Over 1 million people on tax credits to get first cost of living payment from 2 September

A £326 payment will be made directly into customers’ bank accounts

Hands of bank officer calculating loans
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Around 1.1 million people who claim tax credits will receive their first cost of living payment, worth £326, from Friday 2 September.

The money will be paid automatically into customers’ bank accounts between 2 and 7 September, according to HM Revenue & Customs (opens in new tab).

You must be claiming child tax credit or working tax credit - or both - to be eligible.

A second payment of £324 will be made at some point in the winter.

Those on benefits like Universal Credit or Pension Credit should have already received their first cost of living payment back in July.

Chancellor Nadhim Zahawi said: “I know people are really concerned by rising prices so I’m glad that over a million more low earners will shortly receive their first cost of living payment. We are also preparing options for further support so the new prime minister can hit the ground running.”

Inflation recently hit 10.1%, and is expected to reach 13% in the coming months, putting huge pressure on household budgets.

Who is eligible for the £326 payment?

Most benefits claimants should have received their first cost of living payment in July.

If you only receive child tax credit and/or working tax credit, the government will make the payment this month. You must have received a tax credit payment, or an annual award of at least £26, for any day between 26 April and 25 May 2022 to be eligible.

If you believe you are entitled to the payment but do not receive it, wait until 16 September before contacting HMRC. You can contact them online (opens in new tab) or by calling 0345 300 3900.

Those receiving benefits who believe they were eligible for the payment in July but didn’t receive it should check this article for some handy advice on what to do.

How will I receive the payment?

You do not need to apply for the £324 payment, as HMRC will make the payment automatically into the bank account where you receive your tax credits.

If you recently closed the account that your tax credits are paid into, but didn’t tell HMRC, it will try and pay the money into the old account, meaning the payment will be rejected. HMRC will then send a letter to the customer, letting them know that it needs new bank details. So make sure your bank details and address are up-to-date.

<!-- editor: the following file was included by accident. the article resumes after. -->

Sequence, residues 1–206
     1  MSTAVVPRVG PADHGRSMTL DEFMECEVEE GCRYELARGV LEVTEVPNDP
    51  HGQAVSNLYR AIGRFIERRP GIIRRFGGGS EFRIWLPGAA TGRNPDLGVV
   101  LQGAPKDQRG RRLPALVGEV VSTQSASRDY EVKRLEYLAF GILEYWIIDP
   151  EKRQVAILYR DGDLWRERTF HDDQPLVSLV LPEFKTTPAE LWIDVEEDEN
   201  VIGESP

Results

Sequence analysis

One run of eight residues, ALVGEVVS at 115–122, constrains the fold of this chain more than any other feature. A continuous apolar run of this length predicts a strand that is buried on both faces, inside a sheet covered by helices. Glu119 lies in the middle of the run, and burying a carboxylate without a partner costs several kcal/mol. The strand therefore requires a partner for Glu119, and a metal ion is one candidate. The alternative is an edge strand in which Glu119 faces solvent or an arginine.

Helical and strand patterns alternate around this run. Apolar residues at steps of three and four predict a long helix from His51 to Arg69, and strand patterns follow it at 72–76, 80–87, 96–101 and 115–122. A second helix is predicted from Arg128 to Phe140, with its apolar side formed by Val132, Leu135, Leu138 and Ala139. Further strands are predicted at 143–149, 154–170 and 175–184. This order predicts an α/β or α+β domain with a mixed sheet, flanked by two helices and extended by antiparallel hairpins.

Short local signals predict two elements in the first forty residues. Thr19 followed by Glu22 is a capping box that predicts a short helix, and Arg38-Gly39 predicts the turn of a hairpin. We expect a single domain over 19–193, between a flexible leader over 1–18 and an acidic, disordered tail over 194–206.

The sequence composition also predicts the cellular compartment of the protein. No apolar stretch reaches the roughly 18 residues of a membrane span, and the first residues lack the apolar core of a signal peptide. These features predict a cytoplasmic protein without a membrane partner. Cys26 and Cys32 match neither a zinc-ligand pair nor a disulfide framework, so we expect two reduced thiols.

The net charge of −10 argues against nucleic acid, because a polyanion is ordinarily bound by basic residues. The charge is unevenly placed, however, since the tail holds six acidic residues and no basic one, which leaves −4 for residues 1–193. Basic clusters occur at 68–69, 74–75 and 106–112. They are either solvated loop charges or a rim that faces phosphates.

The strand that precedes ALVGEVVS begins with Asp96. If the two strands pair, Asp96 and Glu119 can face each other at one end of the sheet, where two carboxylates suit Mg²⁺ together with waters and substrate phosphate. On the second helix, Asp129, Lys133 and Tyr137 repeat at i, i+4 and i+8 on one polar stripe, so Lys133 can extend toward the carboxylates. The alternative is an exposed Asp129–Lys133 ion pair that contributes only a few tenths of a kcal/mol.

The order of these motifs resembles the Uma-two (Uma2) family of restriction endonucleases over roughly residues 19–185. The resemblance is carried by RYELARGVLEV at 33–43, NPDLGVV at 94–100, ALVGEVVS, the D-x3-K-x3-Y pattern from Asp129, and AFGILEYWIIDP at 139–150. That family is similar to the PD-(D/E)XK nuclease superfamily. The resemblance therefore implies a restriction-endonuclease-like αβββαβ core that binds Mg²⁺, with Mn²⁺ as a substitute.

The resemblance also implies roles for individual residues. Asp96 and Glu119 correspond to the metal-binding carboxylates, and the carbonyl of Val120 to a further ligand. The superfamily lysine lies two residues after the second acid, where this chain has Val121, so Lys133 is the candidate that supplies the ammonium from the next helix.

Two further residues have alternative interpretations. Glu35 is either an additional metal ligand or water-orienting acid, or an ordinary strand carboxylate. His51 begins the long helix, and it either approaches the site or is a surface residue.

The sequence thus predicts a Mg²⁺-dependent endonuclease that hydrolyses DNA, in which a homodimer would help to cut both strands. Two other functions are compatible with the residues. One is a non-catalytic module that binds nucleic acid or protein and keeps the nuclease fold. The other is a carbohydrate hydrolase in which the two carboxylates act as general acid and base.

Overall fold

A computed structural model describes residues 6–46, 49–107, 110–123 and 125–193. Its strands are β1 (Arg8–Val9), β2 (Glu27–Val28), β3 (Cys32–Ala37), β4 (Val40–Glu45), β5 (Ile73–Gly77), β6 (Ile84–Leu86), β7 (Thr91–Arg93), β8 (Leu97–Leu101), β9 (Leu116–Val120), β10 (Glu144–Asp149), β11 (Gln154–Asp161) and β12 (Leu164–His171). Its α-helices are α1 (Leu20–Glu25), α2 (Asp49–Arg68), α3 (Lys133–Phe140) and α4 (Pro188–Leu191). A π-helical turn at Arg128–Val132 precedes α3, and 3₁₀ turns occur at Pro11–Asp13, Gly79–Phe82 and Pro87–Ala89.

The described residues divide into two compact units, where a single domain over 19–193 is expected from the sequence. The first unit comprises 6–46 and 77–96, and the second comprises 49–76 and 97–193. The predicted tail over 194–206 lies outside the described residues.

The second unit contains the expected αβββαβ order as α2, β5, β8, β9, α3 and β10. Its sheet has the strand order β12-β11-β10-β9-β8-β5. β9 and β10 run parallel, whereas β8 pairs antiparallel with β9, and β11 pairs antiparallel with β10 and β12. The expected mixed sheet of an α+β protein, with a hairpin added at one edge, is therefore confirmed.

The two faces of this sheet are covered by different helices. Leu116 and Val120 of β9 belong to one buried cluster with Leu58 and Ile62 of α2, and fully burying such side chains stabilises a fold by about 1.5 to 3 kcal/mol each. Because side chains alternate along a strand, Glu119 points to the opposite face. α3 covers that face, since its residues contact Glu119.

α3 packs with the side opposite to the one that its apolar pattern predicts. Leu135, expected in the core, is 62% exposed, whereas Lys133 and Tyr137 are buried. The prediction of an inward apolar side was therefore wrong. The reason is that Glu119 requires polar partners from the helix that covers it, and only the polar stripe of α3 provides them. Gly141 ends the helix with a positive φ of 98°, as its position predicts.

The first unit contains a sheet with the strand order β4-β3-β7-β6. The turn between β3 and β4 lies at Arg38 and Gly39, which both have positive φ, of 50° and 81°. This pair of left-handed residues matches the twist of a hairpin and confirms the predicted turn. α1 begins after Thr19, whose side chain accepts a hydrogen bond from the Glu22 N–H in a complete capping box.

In terms of keeping an eye out for the payment in your account, there will be a specific identifier when the first payment arrives. The payment reference will be: ‘CL’; followed by the customer’s National Insurance number (of two letters, six numbers, one letter); followed by ‘0001AX’.

For example, if the National Insurance number is AB123456J, the payment reference would appear as ‘CLAB123456J0001AX’.

For joint claimants, where one claimant receives working tax credit and the other claimant receives child tax credit, payments will be made into the same bank account as the child tax credit.

When will I get the second payment?

The latest payments to those on tax credits mean that more than 8 million eligible households in receipt of a means-tested benefit will have received the first of two automatic cost of living payments of £326. 

The second means-tested payment of £324 will be issued later this year – from the autumn for benefits claimants, and from the winter for tax credit-only customers - making a total of £650.

What other government support is available?

As well as the cost of living payments, other government support includes:

A range of businesses including Asda (opens in new tab), Iceland (opens in new tab) and Amazon (opens in new tab) are also offering discounts and special offers under the government’s Help for Households scheme (opens in new tab).

Beware of scammers targeting cost of living payments. If someone contacts you about a cost of living payment saying they are from HMRC, it could be a scam. Remember that you don’t need to apply for the payments, and HMRC will never ask for your bank details by text message or email. 

We have lots of tips on how to spot a scam - and how to report one - in this article.

Ruth Emery is contributing editor at The Money Edit. Ruth is passionate about helping people feel more confident about their finances. She was previously editor of Times Money Mentor, and prior to that was deputy Money editor at The Sunday Times. A multi-award winning journalist, Ruth started her career on a pensions magazine at the FT Group, and has also worked at Money Observer and Money Advice Service. Outside of work, she is a mum to two young children, a magistrate and an NHS volunteer.